Very true, so very true.  So my own minimum suggestions on this one point – and many more – are as follows:

(1)  An army of university students (eg of the University of Abuja) should be deployed by INEC to visually inspect the current voters’ register and clean it up, removing:

(i)  all duplicate name-and-picture entries, retaining only one of the duplicates;
(ii)  pictures that are unclear, mismatched with age or gender or profession, or of of-color “celebrities” (like Mohammed Ali, Mike Tyson, etc.),  but retaining the names, and flagging them; and retaining all others.

(1)  New voters should be registered, WITHOUT necessary requirement for pictures for 2011, due to cost and time exigencies. [They should return for pictures.]

(i)  registration via Internet (no pictures required); must provide full name, age, gender, and ward; registration slip will be emailed back for printing.

(ii)  registration via SMS (no pictures required); must provide full name, age, gender, and ward. Registration mumber for copying down

(iii) registration at each INEC office at the local government headquarters (pictures here); ID cawill be given.

(iv) registration at offices of selected NGOs and selected community organizations (like churches, mosques, etc.) on a ward-by-ward basis (no pictures required); registration card (no picture) will be given.

Alternate picture or corroboratory identification if available can be demanded at voting time – with such persons signing an affidavit in situ -  particularly if more than one person shows up to vote for one name.

(3)  The combined voters register (after cleaning up old one and adding new ones), flagged with how each registrant registered and availability (or lack) of picture,  should be made available,

(i) on websites; such that with name and Voter ID, a voter can check his or her own personal registration status;

(ii)  to all political parties by DVD

(iii) at each INEC office at the local government headquarters; DVD and paper copies relevant to the Local Government;

(iv) to NGOs and selected community organizations (like churches, mosques, etc.) on a ward basis, with DVD and paper copies relevant ONLY to the ward

This eliminates the ridiculous proposition of requiring people to ascertain their registration status by inspecting names posted on village walls and latrines 🙂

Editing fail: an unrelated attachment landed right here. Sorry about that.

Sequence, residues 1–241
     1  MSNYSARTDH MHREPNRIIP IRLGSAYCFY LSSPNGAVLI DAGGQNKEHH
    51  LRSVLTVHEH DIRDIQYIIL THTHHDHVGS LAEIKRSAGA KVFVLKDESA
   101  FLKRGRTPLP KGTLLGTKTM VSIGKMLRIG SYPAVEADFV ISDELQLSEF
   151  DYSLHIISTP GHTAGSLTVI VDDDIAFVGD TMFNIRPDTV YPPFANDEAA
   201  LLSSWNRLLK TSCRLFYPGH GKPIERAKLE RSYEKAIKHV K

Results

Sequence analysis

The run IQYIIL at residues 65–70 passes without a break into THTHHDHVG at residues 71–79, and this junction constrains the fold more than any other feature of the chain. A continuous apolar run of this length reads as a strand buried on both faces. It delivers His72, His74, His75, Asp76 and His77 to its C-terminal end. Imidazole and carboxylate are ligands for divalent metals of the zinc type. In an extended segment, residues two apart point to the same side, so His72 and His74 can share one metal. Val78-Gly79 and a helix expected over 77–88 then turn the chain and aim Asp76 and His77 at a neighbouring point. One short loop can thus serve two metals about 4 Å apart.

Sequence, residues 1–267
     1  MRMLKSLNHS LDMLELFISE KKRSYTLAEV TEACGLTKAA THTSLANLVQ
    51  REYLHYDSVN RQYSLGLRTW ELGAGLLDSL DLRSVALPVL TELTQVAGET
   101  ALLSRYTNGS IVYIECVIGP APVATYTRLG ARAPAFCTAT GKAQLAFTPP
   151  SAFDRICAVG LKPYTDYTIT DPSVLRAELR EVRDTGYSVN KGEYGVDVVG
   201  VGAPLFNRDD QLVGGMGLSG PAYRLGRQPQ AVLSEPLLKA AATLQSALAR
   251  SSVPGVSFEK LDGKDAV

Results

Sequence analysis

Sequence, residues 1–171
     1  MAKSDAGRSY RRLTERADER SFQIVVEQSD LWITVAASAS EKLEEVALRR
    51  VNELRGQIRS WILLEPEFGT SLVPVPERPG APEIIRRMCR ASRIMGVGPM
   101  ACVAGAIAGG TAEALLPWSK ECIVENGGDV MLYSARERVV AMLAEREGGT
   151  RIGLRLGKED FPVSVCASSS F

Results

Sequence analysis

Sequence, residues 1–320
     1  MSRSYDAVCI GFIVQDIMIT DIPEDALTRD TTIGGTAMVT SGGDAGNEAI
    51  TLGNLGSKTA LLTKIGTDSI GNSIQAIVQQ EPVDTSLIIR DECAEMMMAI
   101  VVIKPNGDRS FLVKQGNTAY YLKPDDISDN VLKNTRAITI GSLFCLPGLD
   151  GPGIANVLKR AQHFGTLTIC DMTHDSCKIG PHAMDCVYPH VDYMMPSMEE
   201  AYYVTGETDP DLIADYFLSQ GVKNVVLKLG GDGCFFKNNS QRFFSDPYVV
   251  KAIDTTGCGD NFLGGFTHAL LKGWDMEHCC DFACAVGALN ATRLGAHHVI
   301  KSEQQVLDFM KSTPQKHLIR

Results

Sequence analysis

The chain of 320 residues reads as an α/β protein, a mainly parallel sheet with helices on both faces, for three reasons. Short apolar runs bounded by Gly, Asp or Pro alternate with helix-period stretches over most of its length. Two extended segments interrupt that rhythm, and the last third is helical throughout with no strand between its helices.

1.  Pictures of ALL candidates – and ONLY those candidates – should be on the ballot paper for each particular election. [The idea of ONLY names of political parties, including even those that have NO candidates, should be absolutely unacceptable.]

2. There is really no need for constituency-coded (or state-color-coded) ballot papers once candidates’ pictures are on ballot papers.

1.  The current polling unit identifications (“Under Chief Abagin’s Mango Tree”, “Courtyard in Front of Mallam Umaru”, etc.) should be completely abandoned.  There should not be a polling unit WITHOUT a street address, even if it is a street address deliberately designated for election purpose by INEC. How do you get to a spot WITHOUT a street address?

2.  Primary  and secondary schools, religious extra-curricular buildings (not the sanctuaries themselves) and other existing establishments should be used to the greatest extent possible, with INEC refurbishing them where necessary.  We should not need to constantly re-designate polling units with each new election.

3.  Nominally or actually, there are 6 political zones, 36 states plus FCT, 109 senatorial districts, 360 house of representatives districts, 774 local governments, about 1,200 state assembly districts, 8,800 wards, and 120,000 polling units in the country.  The notion of 500 maximum voters per polling unit should be re-considered – number should be increased to 1,000 -  with a varied voting procedure depending on the actual size of registered voters for a given polling unit.

1.  All intending voters come to Polling Unit assigned with voters card, slip or a note-down of their voters ID number.

2.  Those without INEC pictures – Alternate picture or corroboratory identification if available  should be demanded at voting time – with such persons signing an affidavit in situ -  particularly if more than one person shows up to vote for one name.

3.  No electronic voting.  Too much room for “wardrobe/electronic malfunctions”.  A paper trail is important.

4.  Voting should be by secret ballot, but ACCREDITATION should be as open as possible.

5.  As this is purely an administration function, nothing in the Electoral Law TODAY prevents a June 12-like process for accreditation FOLLOWED by voting:

– accredit the majority of those who wish to vote between 7 am and 9 am;